He had gone one better in 2018 than he had the year before, finishing second to Sam Lowes in 2017, ending up with 27 crashes to Lowes' 31. In 2016, he was a lowly third in the crash rankings, ending the season with 17 falls, behind Cal Crutchlow and Jack Miller with 26 and 25 crashes respectively.

That propensity to crash has caused many people to question just how long Márquez can keep taking the risks that he does. Former triple world champion Wayne Rainey, in a recent interview with Motorsport.com's Gerald Dirnbeck, voices a concern felt by many. "If Marquez falls down over 20 times again next year, maybe Marquez beats himself," Rainey said. "When you are off your bike, sliding across the grass at 200km/h, maybe you're OK for the first two meters, but then if you start flipping across the track, anything can happen. I'm hoping Marquez can find a way to be more consistent. He needs to stay on his bike more. It's not very healthy to make mistakes like that."

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Changing The Qatar Race Start Time: No Good Answers To An Intractable Problem

The Qatar round of MotoGP is problematic for all sorts of reasons. Even setting aside the human rights issues, there are challenges from every direction in staging the race at the Losail International Circuit, just north of Qatari capital. Those challenges are due to the choices being made, and the choices are being made because of money.

The biggest problem is that the choices being made are all slightly at odds with one another. Qatar wants to be the first race of the MotoGP season, and pays a large premium for the privilege. Enough to cover air freight for the series for all of the flyaway races during the season. That need not of itself be a problem, but to make the race look more spectacular, the circuit wants to hold the race at night, under the incredible set of floodlights which light up the track. And of course, because it is the first race of the season, Dorna want to hold it at a time when it will receive maximum media attention. The right time slot for the race in key European markets is important.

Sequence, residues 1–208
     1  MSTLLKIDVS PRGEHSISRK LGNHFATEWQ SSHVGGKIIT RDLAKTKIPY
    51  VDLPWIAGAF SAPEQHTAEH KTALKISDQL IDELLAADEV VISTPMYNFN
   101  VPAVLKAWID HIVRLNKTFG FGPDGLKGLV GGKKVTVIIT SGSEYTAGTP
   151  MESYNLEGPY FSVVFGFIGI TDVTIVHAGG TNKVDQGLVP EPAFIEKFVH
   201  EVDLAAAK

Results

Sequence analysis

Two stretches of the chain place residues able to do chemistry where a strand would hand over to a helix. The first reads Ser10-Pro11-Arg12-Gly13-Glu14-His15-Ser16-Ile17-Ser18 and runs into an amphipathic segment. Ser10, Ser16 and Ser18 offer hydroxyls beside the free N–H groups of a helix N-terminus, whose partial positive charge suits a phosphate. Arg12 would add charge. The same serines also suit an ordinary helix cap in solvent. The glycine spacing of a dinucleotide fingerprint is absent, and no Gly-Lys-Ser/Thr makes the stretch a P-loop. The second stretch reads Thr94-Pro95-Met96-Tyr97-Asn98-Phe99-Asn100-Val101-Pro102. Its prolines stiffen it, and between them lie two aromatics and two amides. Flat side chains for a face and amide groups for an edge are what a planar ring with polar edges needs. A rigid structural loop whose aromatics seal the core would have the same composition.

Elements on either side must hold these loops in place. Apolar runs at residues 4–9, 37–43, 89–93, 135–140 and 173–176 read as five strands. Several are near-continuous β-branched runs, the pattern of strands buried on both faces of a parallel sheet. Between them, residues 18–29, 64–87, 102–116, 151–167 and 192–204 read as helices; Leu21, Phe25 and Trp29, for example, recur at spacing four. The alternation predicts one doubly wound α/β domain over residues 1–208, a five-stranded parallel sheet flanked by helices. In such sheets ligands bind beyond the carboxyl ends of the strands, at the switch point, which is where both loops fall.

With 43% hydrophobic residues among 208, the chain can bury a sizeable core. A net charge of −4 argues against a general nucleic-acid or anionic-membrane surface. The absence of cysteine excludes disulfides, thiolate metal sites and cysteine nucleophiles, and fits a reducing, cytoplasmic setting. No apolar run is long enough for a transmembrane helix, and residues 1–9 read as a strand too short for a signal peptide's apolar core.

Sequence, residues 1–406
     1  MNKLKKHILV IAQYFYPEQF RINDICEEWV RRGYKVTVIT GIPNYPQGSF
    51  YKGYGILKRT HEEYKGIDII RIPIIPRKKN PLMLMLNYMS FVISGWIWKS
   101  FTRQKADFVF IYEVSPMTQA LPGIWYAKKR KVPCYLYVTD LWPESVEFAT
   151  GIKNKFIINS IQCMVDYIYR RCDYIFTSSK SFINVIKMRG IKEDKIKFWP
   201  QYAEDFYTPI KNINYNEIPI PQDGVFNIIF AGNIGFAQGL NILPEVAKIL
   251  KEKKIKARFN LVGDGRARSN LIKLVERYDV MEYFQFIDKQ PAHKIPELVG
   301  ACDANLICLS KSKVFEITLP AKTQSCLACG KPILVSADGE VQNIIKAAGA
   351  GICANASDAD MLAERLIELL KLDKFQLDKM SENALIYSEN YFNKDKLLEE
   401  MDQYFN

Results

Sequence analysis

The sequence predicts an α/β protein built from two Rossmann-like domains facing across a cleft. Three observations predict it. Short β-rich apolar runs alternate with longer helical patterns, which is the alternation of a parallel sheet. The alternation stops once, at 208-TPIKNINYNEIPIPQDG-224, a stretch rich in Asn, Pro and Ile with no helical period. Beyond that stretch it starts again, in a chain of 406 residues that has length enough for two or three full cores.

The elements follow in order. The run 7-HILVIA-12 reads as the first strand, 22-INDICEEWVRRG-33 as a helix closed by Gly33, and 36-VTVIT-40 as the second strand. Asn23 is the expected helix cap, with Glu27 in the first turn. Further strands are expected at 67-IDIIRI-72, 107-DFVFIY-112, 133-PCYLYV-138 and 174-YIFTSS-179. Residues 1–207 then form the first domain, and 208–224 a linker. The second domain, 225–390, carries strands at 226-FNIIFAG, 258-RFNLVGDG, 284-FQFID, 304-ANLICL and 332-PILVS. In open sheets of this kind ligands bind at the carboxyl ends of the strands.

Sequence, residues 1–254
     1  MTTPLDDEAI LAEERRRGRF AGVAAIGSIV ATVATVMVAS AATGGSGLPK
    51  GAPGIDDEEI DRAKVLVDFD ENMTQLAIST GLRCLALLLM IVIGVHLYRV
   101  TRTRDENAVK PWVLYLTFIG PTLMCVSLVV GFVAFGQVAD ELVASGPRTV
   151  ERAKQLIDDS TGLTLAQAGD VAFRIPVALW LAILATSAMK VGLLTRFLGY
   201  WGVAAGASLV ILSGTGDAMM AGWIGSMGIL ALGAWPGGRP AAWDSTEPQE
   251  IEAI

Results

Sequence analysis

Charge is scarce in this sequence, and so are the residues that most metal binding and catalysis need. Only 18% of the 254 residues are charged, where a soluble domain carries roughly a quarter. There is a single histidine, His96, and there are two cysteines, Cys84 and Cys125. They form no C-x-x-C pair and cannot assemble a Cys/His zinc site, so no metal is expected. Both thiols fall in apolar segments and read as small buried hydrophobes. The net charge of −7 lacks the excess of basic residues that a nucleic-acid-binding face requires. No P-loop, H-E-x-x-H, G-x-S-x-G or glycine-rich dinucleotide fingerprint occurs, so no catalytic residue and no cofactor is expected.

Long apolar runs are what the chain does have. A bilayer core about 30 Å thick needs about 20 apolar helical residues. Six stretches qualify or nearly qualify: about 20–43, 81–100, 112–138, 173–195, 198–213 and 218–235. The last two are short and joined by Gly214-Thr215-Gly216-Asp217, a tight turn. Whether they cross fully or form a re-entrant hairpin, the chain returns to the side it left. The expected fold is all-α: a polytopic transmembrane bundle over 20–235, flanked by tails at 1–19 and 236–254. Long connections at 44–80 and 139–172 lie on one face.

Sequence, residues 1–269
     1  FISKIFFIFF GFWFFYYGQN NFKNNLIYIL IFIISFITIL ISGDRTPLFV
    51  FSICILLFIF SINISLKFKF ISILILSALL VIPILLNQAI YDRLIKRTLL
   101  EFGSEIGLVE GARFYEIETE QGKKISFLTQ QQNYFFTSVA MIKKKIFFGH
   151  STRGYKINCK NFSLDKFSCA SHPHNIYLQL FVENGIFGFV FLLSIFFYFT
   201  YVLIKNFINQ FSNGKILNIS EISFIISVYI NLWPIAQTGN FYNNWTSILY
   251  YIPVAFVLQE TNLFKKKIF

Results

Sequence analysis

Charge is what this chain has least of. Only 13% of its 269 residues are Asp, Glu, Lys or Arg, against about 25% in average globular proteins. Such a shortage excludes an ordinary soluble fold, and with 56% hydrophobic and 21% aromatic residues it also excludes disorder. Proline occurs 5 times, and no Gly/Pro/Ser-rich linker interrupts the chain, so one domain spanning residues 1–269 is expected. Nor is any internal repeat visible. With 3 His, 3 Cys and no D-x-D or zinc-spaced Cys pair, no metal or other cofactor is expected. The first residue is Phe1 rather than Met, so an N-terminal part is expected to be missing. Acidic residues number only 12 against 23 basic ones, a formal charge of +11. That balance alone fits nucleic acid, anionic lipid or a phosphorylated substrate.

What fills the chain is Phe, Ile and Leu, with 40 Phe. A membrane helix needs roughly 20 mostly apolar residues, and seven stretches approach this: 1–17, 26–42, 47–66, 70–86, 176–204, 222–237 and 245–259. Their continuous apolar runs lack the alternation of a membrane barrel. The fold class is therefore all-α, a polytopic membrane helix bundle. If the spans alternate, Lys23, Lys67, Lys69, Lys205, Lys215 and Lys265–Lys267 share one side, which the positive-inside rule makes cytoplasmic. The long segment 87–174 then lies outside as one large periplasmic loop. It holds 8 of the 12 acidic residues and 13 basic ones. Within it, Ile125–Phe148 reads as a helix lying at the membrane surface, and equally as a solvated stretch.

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2019 Phillip Island WorldSBK Round Up: Wizard of Oz? Definitely. Wizard of WorldSBK? Not Yet

MotoGP riders have changed the game in WorldSBK before but is Alvaro Bautista the next coming of Max Biaggi, or is he like Garry McCoy, a winner who put together a decent SBK campaign? Is the answer somewhere in the middle?

When Biaggi came to WorldSBK, he changed a lot about how riders approached the series. No longer was good, good enough. He demanded more from his team and any small issue was a big issue for Biaggi. He was trained from his 250GP days to understand that any small problem can become a big problem very quickly. He motivated himself and his team to make everything perfect for the race.

He wasn’t more professional than his rivals - he was up against Troy Bayliss, Troy Corser and a host of others - but he worked in a different way. MotoGP was the pinnacle then and it’s still the best class in the world. It’s the deepest championship with the deepest pockets. There’s always riders biting at your heels and you have to get the most from your package at all times. That’s only exacerbated at the moment with the Golden Era we’re witnessing.

You can’t race in MotoGP now and be anything less than 100% committed on every lap. You ride everything like it’s your last lap, because with such competition that’s the only way to stay sharp. Bed yourself in with an easy session? There’s no chance of that any longer. For Bautista, he arrived in Australia with that mentality and it showed.